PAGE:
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ANNOUNCE : libsndfile-ocaml alpha
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Date: 2007-01-01 (19:58)
From: Erik de Castro Lopo <mle+ocaml@m...>
Subject: Re: [Caml-list] ANNOUNCE : libsndfile-ocaml alpha
Matthieu Dubuget wrote:

> Is it really the case? I thought that it was possible to create a
> bigarray wrapping a C array without
> copying datas. I do not know how to achieve this for float arrays?

When reading files libsndfile always does at least one copy; from
the disk to the array supplied by the caller. This single copy 
only occurs if the data requested by the caller is the same format
and endian-ness as the format requested by the caller. When the data
formats are not the same two copies are required; from the disk to
and buffer internal to libsndfile and then a copy/data conversion
to the buffer suppiled by the caller.

The above doesn't change regardless of whether the caller supplies
an Ocaml float array or a bigarray.

In addition, I also regard the most common case to be the one where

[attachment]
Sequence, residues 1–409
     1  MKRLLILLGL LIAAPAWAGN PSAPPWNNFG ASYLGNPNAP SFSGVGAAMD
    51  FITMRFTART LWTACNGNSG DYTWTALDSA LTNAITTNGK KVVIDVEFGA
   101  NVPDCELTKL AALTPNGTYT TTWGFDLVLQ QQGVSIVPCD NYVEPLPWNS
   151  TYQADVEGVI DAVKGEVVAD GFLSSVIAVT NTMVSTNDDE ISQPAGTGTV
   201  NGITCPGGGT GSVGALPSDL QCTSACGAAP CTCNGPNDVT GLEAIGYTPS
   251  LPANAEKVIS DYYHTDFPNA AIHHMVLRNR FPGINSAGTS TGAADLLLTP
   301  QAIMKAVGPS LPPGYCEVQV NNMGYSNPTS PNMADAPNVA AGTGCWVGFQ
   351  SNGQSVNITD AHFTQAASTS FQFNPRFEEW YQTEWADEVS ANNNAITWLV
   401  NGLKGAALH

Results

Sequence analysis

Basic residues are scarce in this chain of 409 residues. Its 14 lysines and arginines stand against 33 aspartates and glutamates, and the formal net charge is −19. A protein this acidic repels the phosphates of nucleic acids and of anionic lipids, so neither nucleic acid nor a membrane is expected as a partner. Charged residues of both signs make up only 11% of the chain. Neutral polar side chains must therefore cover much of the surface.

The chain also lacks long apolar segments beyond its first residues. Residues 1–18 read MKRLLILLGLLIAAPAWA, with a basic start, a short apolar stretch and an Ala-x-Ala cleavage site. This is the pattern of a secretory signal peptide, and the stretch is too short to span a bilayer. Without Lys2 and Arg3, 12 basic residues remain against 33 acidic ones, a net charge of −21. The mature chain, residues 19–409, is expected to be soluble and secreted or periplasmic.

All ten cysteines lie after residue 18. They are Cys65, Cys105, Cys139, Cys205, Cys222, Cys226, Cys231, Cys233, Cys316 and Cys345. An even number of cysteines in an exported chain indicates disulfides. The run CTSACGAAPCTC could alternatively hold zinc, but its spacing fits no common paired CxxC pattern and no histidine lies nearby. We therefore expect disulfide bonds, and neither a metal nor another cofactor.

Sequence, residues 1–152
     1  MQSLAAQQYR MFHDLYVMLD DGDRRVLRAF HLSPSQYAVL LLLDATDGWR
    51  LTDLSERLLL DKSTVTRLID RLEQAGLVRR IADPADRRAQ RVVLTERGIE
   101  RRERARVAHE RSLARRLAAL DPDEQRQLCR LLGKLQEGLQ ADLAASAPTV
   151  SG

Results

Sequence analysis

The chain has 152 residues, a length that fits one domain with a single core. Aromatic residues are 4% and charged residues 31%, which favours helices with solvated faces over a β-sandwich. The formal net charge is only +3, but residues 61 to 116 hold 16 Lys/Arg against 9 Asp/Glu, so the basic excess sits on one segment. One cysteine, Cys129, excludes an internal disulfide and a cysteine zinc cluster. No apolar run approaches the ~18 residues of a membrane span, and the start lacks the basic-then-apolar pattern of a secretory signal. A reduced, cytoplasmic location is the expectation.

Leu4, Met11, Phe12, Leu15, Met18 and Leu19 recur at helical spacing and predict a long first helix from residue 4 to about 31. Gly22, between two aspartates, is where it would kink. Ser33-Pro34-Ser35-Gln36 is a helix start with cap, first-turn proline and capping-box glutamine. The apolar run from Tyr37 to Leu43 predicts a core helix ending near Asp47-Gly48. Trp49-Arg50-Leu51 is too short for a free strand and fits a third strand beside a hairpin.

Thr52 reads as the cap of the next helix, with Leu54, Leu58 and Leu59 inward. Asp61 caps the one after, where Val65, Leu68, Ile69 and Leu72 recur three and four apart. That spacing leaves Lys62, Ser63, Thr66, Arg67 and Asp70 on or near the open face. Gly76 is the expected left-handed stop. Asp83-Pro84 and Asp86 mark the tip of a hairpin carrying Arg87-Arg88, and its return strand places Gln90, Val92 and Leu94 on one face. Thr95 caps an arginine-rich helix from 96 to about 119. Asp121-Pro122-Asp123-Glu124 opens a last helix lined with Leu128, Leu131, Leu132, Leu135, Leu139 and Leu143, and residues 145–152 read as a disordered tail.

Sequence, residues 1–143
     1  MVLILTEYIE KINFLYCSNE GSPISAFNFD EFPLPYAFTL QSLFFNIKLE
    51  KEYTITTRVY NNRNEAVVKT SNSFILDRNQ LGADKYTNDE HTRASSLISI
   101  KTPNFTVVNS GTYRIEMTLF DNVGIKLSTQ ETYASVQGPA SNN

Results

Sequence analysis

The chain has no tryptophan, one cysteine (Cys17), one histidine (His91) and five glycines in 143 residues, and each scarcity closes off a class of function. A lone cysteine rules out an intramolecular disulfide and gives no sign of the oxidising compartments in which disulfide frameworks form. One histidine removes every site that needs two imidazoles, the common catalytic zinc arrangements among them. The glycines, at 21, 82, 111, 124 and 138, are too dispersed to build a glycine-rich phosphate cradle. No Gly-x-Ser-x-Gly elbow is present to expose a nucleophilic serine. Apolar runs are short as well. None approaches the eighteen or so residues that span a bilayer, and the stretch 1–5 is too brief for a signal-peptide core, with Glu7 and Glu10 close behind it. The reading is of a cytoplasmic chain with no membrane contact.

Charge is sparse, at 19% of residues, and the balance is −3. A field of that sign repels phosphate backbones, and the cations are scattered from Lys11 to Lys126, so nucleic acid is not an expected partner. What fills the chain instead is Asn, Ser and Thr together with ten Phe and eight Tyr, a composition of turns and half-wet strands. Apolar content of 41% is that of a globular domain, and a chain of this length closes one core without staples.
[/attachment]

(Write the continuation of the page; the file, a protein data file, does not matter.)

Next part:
a data convesion takes place between the file format and the format
requested by the caller.

> This could be interesting for read-only access or in-place modifications?

I don't see how this would be different float array vs bigarray.

> Another very interesting feature of bigarrays is the memory mapping of a
> file as a big array, very useful to work with BIG files.

Firstly, libsndfile doesn't use mem-mapping because the most common case
is where the disk format is different from the file format. Secondly I
consider a big file to be one containing say an hour of multiple channels 
(say 8) of 32 bit float data at high sample rates (say 96kHz). That file

    96000 * 60 * 60 * 8 * 4 bytes => 
    11059.200 Mbytes =>
    11.059 Gbytes

Nobody is going to load the whole of that file into memory at once. Instead,
the most sensible and most general approach is to load it in in chunks.

  Erik de Castro Lopo
"I saw `cout' being shifted "Hello world" times to the left 
and stopped right there." -- Steve Gonedes